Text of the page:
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Ben MakepeaceSpeaker Biography

Ben Makepeace

Ben Makepeace was trained in medical parasitology and entomology at the Liverpool School of Tropical Medicine (LSTM) before completing a PhD in innate immunity to sexually-transmitted bacteria in humans at the University of Southampton. Following a brief postdoctoral position on meningococcal meningitis in Southampton, he returned to LSTM to join Sandy Trees? group, where he worked on immunity to Onchocerca ochengi in Cameroon. In 2008, he moved to the University of Liverpool and was appointed to a proleptic lectureship position in 2011. His current research interests include the filaria-Wolbachia symbiosis and the relationship between symbionts and pathogens in the Acari.

Abstract Submission

25 years of the Onchocerca ochengi model: What have cows taught us about human river blindness?

Benjamin L. Makepeace1, Germanus S. Bah1,2, Stuart D. Armstrong1, Alistair C. Darby3 and Vincent N. Tanya4

  1. Institute of Infection & Global Health, University of Liverpool, Liverpool, UK;
  2. Institut de Recherche Agricole pour le D?veloppement, Regional Centre of Wakwa, Ngaound?r?, Cameroon;
  3. Institute of Integrative Biology, University of Liverpool, Liverpool, UK;
  4. Cameroon Academy of Sciences, Yaound?, Cameroon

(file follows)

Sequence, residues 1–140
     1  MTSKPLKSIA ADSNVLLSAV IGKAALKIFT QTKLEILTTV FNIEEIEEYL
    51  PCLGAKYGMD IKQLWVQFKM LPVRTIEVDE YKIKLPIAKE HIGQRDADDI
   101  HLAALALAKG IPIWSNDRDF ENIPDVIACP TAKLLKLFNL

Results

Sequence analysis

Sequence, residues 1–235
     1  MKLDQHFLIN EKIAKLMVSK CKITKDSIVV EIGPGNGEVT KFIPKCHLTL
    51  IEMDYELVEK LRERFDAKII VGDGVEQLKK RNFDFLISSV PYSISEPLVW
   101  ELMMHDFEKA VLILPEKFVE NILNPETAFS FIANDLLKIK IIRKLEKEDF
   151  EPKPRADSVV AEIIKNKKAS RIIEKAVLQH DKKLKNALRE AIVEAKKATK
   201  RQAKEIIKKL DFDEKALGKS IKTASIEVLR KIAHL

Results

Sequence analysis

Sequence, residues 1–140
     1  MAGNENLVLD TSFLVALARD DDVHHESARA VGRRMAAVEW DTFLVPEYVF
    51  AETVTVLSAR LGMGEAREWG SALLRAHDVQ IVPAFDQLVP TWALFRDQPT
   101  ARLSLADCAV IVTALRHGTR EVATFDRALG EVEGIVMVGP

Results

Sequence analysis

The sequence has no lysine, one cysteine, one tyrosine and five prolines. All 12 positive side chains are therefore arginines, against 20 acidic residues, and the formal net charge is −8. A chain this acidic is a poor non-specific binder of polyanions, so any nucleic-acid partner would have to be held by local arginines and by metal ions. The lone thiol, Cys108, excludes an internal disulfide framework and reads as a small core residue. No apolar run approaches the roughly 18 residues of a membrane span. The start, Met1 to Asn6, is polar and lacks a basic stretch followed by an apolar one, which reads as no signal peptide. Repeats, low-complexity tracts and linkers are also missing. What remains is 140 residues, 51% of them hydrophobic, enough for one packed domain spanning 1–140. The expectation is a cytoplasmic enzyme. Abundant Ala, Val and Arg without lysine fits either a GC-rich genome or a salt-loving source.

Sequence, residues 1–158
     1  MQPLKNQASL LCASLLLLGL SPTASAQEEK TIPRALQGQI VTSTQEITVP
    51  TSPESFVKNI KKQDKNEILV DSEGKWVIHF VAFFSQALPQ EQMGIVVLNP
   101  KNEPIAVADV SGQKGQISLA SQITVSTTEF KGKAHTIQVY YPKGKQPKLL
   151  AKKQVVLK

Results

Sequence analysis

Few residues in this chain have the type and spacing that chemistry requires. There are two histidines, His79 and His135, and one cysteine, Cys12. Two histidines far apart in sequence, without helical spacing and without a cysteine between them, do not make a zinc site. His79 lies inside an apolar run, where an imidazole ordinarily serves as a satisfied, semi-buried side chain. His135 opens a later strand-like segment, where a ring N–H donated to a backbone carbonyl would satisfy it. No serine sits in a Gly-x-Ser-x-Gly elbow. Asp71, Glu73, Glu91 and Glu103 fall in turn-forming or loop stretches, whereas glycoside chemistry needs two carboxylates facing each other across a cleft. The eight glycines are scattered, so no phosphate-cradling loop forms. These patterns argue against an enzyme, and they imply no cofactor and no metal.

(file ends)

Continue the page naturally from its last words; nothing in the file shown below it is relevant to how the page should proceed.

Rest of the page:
Human onchocerciasis or river blindness is a devastating neglected tropical disease affecting 30 million people in sub-Saharan Africa. The microfilariae of Onchocerca volvulus are responsible for all of the major disease manifestations, comprising severe dermatitis, depigmentation of the skin, and visual impairment, which can lead to irreversible blindness. In the early 1990s, researchers from the University of T?bingen and the Liverpool School of Tropical Medicine recognised the enormous potential of a parasite of African cattle, Onchocerca ochengi, as an ideal “analogue” of human onchocerciasis. Many trials of macrofilaricidal drug and vaccine candidates in this system followed in northern Cameroon, but it was the unexpected response of adult O. ochengi to a decades-old antibiotic, oxytetracycline, that contributed to a revolution in our understanding of both the basic biology of filarial nematodes and their treatment. Subsequently, the O. ochengi system has provided deep insights into a fascinating symbiosis with Wolbachia, an endobacterium that was previously believed to only infect arthropods. Here, I will describe how a combination of classical histological techniques combined with next-generation sequencing and proteomics have enabled a gradual unveiling of the role of Wolbachia in O. ochengi, which almost certainly functions on several levels. Contrary to expectations, Wolbachia’s contribution to the symbiosis is not limited to metabolic provisioning, but extends to immune evasion, suggesting that the endobacteria have an important part to play in the extraordinary longevity of Onchocerca spp.

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